On an overcast and damp morning, North Korea’s Supreme Leader Kim Jong-un arrived today (February 26) in Hanoi ahead of his highly anticipated second summit meeting with US President Donald Trump.
Central Hanoi’s streets were eerily quiet around the Melia Hotel where Kim will stay. The hotel is opposite the Government Guesthouse where the two leaders will meet on Wednesday and talks will wrap up on Thursday.
Crowds of journalists and onlookers gathered behind well-cordoned off zones as Kim arrived by motorcade from the China-Vietnam border, after spending several days traveling through China by train.
“I’m so happy I saw him,” said one Vietnamese onlooker, who later admitted she actually only saw his car drive past.
Kim’s trip through China allowed him to stop-off at several Chinese cities and reaffirm North Korea’s close ties to the Beijing government before meeting with America’s leader.
In Hanoi, the city’s lampposts are festooned with a limp triumvirate of flags: North Korea, Vietnam and America. All former enemies at one point, either militaristically or geopolitically, and all boasting distinctly different political systems.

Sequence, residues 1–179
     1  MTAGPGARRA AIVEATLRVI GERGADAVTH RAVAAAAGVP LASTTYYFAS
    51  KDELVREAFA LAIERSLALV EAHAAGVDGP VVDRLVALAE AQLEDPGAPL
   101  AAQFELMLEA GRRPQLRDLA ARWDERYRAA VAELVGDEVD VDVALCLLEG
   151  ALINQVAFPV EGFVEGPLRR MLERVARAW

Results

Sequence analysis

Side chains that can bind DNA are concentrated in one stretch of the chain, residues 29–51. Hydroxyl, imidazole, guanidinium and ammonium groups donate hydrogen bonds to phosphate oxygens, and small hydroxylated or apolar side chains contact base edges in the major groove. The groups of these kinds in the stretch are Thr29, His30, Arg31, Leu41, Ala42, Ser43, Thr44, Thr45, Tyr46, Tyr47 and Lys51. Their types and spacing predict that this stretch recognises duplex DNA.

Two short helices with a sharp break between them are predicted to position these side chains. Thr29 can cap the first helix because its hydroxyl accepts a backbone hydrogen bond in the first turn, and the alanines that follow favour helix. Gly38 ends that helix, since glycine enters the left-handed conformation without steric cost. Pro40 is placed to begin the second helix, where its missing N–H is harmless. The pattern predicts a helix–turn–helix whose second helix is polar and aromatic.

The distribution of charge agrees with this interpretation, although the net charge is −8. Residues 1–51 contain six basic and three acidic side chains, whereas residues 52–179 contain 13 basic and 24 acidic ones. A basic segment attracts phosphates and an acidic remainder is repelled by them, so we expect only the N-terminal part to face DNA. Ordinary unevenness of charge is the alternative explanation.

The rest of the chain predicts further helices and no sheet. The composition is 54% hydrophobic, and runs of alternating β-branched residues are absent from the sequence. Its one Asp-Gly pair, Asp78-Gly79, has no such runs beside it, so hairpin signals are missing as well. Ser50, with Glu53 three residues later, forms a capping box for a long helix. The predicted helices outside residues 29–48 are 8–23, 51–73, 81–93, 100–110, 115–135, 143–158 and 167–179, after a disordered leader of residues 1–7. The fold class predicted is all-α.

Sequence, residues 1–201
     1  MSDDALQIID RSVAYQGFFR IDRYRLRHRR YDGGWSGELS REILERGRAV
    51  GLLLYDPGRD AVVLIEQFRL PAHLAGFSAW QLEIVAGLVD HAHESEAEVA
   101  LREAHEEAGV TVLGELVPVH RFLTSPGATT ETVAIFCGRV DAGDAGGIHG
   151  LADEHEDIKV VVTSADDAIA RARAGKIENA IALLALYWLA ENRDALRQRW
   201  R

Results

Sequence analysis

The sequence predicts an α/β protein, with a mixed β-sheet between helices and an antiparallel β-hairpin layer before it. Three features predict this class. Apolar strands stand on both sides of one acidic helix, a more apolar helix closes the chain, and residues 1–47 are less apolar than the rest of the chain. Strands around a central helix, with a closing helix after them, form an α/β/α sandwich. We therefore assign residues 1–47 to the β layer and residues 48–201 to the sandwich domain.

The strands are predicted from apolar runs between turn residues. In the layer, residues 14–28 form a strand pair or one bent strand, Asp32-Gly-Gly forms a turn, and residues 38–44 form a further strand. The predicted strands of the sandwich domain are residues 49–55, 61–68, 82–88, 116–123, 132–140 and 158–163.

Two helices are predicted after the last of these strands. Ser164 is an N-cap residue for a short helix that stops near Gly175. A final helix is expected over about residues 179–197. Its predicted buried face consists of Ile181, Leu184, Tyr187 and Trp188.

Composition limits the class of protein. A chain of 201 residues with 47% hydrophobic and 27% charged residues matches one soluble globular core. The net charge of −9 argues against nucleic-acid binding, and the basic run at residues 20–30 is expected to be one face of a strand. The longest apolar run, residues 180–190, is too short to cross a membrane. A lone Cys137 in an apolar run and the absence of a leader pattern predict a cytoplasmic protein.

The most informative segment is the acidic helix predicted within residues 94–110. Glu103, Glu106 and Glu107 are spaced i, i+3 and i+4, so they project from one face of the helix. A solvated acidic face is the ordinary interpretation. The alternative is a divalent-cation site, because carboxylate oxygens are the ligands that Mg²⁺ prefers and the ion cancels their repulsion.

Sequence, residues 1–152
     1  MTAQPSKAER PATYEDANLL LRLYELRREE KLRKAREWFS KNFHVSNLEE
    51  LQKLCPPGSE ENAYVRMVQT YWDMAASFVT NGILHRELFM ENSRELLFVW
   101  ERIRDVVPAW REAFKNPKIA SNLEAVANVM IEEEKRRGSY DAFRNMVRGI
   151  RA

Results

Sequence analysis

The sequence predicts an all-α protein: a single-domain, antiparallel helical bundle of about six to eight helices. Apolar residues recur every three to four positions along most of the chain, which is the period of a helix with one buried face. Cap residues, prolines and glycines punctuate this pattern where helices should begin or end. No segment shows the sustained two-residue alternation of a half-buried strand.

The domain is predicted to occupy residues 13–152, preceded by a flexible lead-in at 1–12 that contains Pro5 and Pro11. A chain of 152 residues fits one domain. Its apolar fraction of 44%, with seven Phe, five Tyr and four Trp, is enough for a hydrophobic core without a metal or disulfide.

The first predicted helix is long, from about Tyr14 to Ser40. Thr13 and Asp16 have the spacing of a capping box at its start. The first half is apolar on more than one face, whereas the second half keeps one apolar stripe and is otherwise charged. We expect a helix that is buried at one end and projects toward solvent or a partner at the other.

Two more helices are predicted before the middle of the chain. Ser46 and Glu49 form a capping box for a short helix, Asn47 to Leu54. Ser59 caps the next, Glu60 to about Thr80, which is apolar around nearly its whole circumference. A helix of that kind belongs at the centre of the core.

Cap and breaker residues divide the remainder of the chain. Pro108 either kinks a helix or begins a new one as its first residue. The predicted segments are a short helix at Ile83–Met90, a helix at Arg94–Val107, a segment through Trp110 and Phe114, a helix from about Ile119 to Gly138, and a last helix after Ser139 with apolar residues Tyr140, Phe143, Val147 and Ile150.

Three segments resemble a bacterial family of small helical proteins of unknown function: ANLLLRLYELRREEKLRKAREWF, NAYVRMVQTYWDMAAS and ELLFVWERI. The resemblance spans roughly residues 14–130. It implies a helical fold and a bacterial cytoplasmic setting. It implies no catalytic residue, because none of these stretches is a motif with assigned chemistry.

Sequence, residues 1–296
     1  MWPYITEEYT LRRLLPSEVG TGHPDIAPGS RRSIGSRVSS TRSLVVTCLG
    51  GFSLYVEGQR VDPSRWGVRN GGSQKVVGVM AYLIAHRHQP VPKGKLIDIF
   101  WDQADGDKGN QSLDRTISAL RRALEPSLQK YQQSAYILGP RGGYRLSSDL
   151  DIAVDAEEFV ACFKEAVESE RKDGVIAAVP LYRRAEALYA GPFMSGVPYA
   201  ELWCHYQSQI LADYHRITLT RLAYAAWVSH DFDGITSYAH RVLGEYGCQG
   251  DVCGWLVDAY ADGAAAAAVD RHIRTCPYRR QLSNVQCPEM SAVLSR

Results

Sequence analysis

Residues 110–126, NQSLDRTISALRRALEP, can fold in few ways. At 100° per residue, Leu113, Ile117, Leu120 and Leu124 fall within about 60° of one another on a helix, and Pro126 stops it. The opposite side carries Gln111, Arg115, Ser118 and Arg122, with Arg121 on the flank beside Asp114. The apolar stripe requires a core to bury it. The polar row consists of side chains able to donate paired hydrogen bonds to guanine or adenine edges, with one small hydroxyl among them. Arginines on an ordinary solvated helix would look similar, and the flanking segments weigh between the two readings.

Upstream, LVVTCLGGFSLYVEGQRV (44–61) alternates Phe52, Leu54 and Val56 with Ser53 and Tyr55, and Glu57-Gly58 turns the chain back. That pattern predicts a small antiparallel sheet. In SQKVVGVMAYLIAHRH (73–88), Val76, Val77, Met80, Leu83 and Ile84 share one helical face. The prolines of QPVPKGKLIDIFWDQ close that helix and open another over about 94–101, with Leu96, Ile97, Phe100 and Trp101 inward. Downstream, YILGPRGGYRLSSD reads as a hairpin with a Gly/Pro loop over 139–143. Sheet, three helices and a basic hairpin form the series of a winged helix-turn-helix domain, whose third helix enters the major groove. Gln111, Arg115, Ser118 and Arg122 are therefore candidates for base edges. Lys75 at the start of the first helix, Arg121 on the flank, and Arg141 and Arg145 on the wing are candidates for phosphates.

Trump, by comparison, preferred a swifter route, traveling by plane. He is expected to arrive in the Vietnamese capital in the evening of the 26th. Both nations’ negotiators and staff arrived days earlier to prepare for the historic event.
Kim is expected to meet with Vietnamese officials since his stay in Hanoi is also being classified as a state visit, his first ever to Vietnam. But it is unclear whether discussions will be fruitful considering Communist Party chief Nguyen Phu Trong, who is also state president, is away on a state visit to Cambodia until February 27